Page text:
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Christian exegetes have wrestled with the connection of Ezekiel’s Valley of Dry Bones and the doctrine of the bodily resurrection since they first preached on Ezekiel 37 from the light of Christ’s own bodily resurrection. While early exegetes drew a very quick line from the resuscitation of the bones to our own bodily resurrection, some more modern biblical commentators insist that “serious, literal exegesis” allows no such connection.

On the one hand, I think that the early Church fathers could have done a better job connecting the dots; on the other hand, I think that modern exegetes sometimes forget Jesus’ insistence that the Law, the Prophets, and the Psalms were written about him (Luke 24:44).

I was thankful, then, to find two stunning expositions on Ezekiel 37 that sees the connection, yet that does the work of connecting the dots. I quote them here for your edification:

[This text] functions as a very important link in a theological chain to which the full biblical hope of resurrection is anchored. At one end is the connection we have already noted between Ezekiel’s vision of God breathing life into the lifeless bodies of Israel’s defunct army and the Genesis tradition of God breathing the breath of life into the human-shaped pile of dust that then became a living human being. God’s renewal of Israel was like a rerun of creation. Or, to put it the other way round, what God was about to do for Israel would be like the first act in the renewal of humanity as a whole. Here again, as in so many ways, the links between Israel and humanity are apparent. Israel had been called in the first place, through Abraham, to be a blessing to all the nations of the earth. Their election and redemption were for the sake of the rest of humanity. Likewise, therefore, just as their sin and punishment mirrored the fallenness of the whole race, so too their restoration would prefigure God’s gracious purpose of redemption for humanity. Resurrection for Israel anticipated resurrection for all.

And at the centre of the chain stands Jesus himself….The most significant echo of Ezekiel 37 [in the life of Jesus] comes in a locked room on the very evening of his resurrection, when, we read, “he breathed on them and said, ‘Receive the Holy Spirit.'” The Lord of life himself, freshly risen to his feet from where he had lain among the bones of the dead, adopts simultaneously the posture of Ezekiel in summoning the breath of God, and the posture of God himself in commanding the breath of the Spirit to come upon the disciples. (Christopher J. H. Wright, The Message of Ezekiel: A New Heart and a New Spirit (Bible Speaks Today) [Downers Grove: InterVarsity Press, 2001], 310.)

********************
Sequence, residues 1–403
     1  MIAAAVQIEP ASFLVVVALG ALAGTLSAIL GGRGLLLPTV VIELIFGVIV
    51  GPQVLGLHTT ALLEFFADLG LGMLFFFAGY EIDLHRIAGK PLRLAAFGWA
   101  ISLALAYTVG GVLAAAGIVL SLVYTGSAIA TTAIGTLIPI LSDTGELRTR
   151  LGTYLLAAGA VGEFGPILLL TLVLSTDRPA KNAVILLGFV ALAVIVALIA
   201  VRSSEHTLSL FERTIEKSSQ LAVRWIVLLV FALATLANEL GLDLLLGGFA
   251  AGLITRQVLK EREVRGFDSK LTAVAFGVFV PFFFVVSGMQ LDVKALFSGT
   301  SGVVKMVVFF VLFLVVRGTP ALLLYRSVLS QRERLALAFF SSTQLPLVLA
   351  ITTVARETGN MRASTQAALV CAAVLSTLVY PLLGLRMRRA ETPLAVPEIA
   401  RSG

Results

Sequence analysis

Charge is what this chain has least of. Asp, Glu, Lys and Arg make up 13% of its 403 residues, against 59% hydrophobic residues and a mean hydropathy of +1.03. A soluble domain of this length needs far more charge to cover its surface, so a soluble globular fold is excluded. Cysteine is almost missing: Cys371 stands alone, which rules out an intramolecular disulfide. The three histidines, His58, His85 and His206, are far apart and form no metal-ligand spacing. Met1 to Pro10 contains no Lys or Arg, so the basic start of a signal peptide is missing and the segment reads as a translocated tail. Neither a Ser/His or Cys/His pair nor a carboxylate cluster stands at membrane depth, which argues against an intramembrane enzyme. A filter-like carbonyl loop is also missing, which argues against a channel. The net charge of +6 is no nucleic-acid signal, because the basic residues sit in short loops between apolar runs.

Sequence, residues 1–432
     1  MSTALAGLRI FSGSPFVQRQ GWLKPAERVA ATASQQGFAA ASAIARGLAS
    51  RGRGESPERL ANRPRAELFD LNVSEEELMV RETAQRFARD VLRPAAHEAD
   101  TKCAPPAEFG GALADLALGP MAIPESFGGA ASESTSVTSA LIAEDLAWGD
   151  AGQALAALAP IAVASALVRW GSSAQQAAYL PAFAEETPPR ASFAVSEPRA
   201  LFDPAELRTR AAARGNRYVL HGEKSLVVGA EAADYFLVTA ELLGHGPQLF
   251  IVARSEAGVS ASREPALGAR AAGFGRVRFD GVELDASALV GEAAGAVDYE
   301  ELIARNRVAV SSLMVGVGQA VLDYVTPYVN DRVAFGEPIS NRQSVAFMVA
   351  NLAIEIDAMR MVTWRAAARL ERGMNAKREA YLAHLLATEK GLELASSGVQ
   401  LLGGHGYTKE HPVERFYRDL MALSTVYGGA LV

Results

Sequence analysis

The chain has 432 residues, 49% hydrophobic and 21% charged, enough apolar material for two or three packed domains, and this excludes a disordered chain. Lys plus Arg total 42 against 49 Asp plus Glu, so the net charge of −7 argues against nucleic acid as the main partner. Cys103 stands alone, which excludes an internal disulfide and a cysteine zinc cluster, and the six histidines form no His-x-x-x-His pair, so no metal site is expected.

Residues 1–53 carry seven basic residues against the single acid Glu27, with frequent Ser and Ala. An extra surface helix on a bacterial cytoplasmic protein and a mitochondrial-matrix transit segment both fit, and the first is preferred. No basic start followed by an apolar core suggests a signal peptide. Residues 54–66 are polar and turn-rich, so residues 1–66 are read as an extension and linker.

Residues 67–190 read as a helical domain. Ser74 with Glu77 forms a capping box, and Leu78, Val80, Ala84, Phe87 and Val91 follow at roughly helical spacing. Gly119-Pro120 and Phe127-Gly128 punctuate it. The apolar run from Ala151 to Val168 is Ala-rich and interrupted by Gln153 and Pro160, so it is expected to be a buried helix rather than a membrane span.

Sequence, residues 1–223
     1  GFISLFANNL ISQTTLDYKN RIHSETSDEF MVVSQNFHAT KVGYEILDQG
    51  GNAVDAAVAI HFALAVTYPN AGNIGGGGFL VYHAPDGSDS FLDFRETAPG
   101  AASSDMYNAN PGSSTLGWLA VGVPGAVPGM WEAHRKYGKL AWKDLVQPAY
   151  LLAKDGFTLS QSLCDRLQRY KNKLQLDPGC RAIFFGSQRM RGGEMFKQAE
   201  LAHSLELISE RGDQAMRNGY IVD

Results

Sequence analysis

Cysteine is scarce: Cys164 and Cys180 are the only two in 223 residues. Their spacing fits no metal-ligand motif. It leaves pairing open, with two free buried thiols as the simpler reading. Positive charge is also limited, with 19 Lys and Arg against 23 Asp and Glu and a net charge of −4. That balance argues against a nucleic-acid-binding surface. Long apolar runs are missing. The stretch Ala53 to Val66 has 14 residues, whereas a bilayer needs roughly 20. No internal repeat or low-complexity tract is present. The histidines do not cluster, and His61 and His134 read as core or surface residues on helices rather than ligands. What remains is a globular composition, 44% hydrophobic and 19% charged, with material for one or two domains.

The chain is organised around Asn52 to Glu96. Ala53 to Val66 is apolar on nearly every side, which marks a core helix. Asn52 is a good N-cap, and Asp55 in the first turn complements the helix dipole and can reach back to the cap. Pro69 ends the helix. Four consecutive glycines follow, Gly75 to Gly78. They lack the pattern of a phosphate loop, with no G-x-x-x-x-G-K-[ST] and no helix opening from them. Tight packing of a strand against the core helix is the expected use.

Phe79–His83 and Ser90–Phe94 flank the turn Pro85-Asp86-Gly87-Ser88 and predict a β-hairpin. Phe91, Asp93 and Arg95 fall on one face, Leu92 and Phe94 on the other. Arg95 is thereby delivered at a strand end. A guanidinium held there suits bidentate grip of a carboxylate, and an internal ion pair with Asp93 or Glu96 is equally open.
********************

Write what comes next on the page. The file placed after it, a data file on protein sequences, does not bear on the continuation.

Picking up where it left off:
And here is a biblical commentator from the 19th century:

The true restoration of Israel as the people of the Lord commenced with the founding of the new kingdom of God, the ‘kingdom of heaven,’ through the appearing of Christ upon the earth. But inasmuch as the Jewish nation as such, or in its entirety, did not acknowledge Jesus Christ as the Messiah foretold by the prophets and sent by God, but rejected its Saviour, there burst afresh upon Jerusalem and the Jewish nation the judgment of dispersion among the heathen; whereas the kingdom of God founded by Christ spread over the earth, through the entrance of believers from among the Gentiles. This judgment upon the Jewish people, which is hardened in unbelief, still continues, and will continue until the time when the full number of the Gentiles has entered into the kingdom of God, and Israel as a people shall also be converted to Christ, acknowledge the crucified One as its Saviour, and bow the knee before Him (Rom. xi. 25, 26). Then will ‘all Israel’ be raised up out of its graves, the graves of its political and spiritual death, and brought back into its own land, which will extend as far as the Israel of God inhabits the earth. Then also will the hour come in which all the dead will hear the voice of the Son of God, and come forth out of their graves to the resurrection (Dan. xii. 2; John v. 25-29); when the Lord shall appear in His glory, and descend from heaven with the trump of God (1 Thess. iv. 13), to call all the dead to life, and through the judgment upon all the nations to perfect His kingdom in glory, and bring the righteous into the Canaan of the new earth, into the heavenly Jerusalem, to the imperishable life of everlasting blessedness. (C. F. Keil, Biblical Commentary on the Prophecies of Ezekiel, trans. James Martin [Grand Rapids: Eerdmans, 1960], 127-28)

And that, brothers and sisters, will preach.

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